Sunday, February 26, 2012

Wherever the people are well informed, they can be trusted with their own government - T. Jefferson

People have been complaining about bias in the media  as long as we have had media.  The trouble with reporting the news, is that in order to do it effectively, reporters have to think, speak and write.  It is that thinking part that always trips them up.  To examine this further, let's take a closer look at Fox News, the highest rated cable news network according to the Nielson Company

Fox New was founded by Rupert Murdoch in 1996.  Conservative news consumers had been complaining about the liberal bias in news reporting for years, and Fox News was seen as a refreshing alternative.  Fox News claimed the mantra fair and balanced, but  Fox News viewers were not tuning in because the coverage was fair or balanced, they wanted their news to reflect their own world view.

The large viewership of Fox News took some of the other news outlets by surprise.  These other more left-leaning news outlets, of course, did not recognize the bias in their own news coverage, but Fox News did an effective job of pointing out just how left-leaning the coverage had been (and continues to be), and the numbers of devoted Fox News fans grew to more than double that of any other news network.

But now Fox News finds themselves at an interesting cross-roads.  It seems that another form of media bias has crept in.  Fox News may have taken sides in the battle between the grass-roots conservatives and the Washington, DC ruling elite.  The coverage of the candidates in the GOP nomination race does not appear to be fair and balanced, but it appears they are actually promoting a specific GOP candidate, namely Mitt Romney.  Is this intentional? .. or merely an oversight on their part?

There is a narrative, that is being delivered through Fox News (and other news outlets), that Mitt Romney is the most electable among the GOP candidates for president.  But when you examine the data, that narrative doesn't seem to measure up to reality.  It is also clear that conservative news consumers are falling into two distinct camps: those who believe the Republican party leadership knows best who should be the leader of the GOP, and those who believe the grassroots conservatives (including Tea-Party activists) know best.  

So who is right?  Let's look at some alarming data:
  • Voter turnout in both Iowa and New Hampshire sharply down from 2008
  • In South Carolina overall turnout  was up, but down in precincts carried by Romney
  • In Florida voter turnout was down 14% from the 2008 GOP primary
  • In Florida turnout was lowest in precincts that Mitt Romney carried, lower than 2008
  • In Florida turnout was highest in precincts that Newt Gingrich carried, higher than 2008
  • Voter turnout in Nevada was way down from 2008 GOP Caucuses
  • Only 8% of registered voters participated in Missouri GOP Primary, down 57%
  • In Colorado turnout was down 7%.  Romney campaigned heavily & lost to Santorum
  • Turnout in Minnesota was down 24% from 2008 levels.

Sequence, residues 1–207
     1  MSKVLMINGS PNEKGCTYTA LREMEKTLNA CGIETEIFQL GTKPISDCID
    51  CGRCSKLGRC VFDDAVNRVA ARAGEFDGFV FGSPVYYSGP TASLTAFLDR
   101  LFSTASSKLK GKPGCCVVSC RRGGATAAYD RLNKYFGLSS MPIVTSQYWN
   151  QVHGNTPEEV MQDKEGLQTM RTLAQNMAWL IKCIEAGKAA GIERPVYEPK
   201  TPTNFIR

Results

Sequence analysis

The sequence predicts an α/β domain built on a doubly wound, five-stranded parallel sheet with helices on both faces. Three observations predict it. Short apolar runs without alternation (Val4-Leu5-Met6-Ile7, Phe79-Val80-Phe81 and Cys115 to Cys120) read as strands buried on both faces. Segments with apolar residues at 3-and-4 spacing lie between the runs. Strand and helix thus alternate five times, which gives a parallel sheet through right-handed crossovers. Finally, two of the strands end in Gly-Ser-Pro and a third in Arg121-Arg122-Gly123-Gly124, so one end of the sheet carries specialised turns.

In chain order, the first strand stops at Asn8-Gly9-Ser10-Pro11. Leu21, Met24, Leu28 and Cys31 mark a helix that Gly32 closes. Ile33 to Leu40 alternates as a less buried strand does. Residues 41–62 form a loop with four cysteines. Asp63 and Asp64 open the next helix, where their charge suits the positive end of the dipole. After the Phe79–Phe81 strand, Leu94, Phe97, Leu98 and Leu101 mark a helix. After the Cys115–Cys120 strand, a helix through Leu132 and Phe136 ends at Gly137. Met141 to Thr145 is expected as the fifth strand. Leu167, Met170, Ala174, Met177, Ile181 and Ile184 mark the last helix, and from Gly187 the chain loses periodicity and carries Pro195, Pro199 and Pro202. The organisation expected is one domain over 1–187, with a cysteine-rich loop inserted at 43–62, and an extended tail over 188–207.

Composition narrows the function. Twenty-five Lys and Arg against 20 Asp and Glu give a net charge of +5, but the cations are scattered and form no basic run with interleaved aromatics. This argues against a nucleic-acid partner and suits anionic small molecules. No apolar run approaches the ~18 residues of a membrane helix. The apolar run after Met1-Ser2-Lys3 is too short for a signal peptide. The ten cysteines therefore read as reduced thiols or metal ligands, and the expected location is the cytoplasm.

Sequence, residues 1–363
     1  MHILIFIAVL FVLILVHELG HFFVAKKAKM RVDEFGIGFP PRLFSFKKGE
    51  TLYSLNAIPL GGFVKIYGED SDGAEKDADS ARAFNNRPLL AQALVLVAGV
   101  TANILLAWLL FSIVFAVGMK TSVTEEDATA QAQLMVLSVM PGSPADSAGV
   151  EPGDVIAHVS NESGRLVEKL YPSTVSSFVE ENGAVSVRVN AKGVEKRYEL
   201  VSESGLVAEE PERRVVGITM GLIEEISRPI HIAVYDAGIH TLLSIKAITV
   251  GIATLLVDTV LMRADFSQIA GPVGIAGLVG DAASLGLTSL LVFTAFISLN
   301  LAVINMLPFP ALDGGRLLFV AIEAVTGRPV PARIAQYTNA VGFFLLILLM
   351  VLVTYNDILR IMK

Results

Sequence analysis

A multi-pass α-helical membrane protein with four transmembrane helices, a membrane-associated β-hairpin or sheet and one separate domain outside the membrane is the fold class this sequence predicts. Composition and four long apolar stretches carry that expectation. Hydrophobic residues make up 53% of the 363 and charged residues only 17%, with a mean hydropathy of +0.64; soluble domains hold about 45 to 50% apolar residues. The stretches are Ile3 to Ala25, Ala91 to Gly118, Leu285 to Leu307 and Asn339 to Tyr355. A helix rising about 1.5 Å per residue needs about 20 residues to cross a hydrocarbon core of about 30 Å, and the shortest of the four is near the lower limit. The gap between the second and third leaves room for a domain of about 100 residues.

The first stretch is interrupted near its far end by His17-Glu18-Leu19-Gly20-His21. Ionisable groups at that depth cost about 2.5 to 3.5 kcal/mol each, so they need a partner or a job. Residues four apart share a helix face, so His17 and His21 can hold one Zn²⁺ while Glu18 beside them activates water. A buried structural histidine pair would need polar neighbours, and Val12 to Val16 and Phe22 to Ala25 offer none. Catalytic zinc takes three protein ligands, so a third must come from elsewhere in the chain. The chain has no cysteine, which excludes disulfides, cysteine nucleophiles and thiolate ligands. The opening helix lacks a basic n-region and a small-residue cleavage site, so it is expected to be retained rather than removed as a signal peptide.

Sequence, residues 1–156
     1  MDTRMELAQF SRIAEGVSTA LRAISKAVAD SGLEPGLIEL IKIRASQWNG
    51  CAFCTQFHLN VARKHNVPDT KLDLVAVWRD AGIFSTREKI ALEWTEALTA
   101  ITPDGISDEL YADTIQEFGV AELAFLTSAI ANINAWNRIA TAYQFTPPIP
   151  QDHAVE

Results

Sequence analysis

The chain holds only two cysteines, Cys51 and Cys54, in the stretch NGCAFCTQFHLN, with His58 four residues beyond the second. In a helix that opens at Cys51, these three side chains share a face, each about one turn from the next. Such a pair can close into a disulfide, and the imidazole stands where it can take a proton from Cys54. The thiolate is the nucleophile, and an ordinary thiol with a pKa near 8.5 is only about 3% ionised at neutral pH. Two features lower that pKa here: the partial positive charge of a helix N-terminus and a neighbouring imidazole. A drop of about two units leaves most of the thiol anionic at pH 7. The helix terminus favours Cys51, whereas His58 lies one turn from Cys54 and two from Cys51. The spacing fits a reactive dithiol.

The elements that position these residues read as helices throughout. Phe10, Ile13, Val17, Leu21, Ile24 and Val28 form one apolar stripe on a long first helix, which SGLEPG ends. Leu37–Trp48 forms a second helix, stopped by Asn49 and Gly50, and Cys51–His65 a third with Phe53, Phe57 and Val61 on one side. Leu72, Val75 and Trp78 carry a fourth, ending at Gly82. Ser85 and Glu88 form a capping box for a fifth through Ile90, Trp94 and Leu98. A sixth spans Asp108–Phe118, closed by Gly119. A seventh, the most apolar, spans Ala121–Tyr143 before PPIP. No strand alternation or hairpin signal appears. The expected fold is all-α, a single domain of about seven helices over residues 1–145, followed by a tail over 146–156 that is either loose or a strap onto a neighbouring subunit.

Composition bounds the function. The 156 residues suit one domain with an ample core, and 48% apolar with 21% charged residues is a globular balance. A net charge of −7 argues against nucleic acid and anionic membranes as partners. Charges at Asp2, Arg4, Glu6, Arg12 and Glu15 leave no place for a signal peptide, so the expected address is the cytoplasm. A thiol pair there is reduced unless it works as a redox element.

Interestingly, voter turnout has been up in nearly every precinct carried by Newt Gingrich in all primaries/caucuses.  The only state showing an overall increase in voter turnout (up 35%) was South Carolina, where Gingrich carried all but two precincts.  Turnout was lowest in Maine (only 1% participated in the GOP Caucuses) and Missouri carried by Romney and Santorum respectively.  

Decreased voter turnout is not the only signal that Romney may not be the most electable of the GOP contenders.  The number of voters choosing a candidate other than Romney has been greater than the number choosing to support him in all states except Nevada where he received 50% of the vote.  The cry from an increasing number of conservative voters is Anybody but Romney.   

So where does Fox News play in all of this?  Fox News has, unfortunately, been in the DC establishment bubble for some time.  They are hearing from the likes of Karl Rove, Britt Hume, and other inside the beltway political junkies and pundits.  Comments such as presumptive nominee Mitt Romney occur regularly, and news anchors, pundits and guests are often offering advice to Romney about how to seal the nomination, while simultaneously ignoring or discounting the other GOP contenders.  

What we are not hearing from Fox News, are the voices of  the folks in fly-over country, who are enormously suspicious of Mitt Romney.  Romney is now behind in Georgia, Tennessee and Oklahoma, and if he doesn't manage to seal the deal in his home state of Michigan, the hand-wringing will commence about Romney's chances in November.   The fact we are not hearing about this on Fox News, lends to the theory that Fox News is an arm of the GOP party leadership.  As much as conservatives may be grateful to Fox News for giving voice to Republican ideas, this was not what conservatives in fly-over country signed up for.  If Fox News intends to maintain its dominance, they need to pay attention to the vast majority of their viewers, who do not reside in Washington, D.C., New York or Los Angeles.  

As long as human beings are reporting news there will be bias.  The only way to make it fair, is to have different news organizations representing all viewpoints so that viewers can choose.  We now have a vast selection of news resources online to choose from.  For Fox News' sake, they would be wise to listen to the voices of conservatives outside the beltway or those ratings will start to drop as the conservative majority seeks out other sources for their news.

1 comment:

  1. Well done, Sue! I will promote this, as it needs to be.
    Thank you for this work.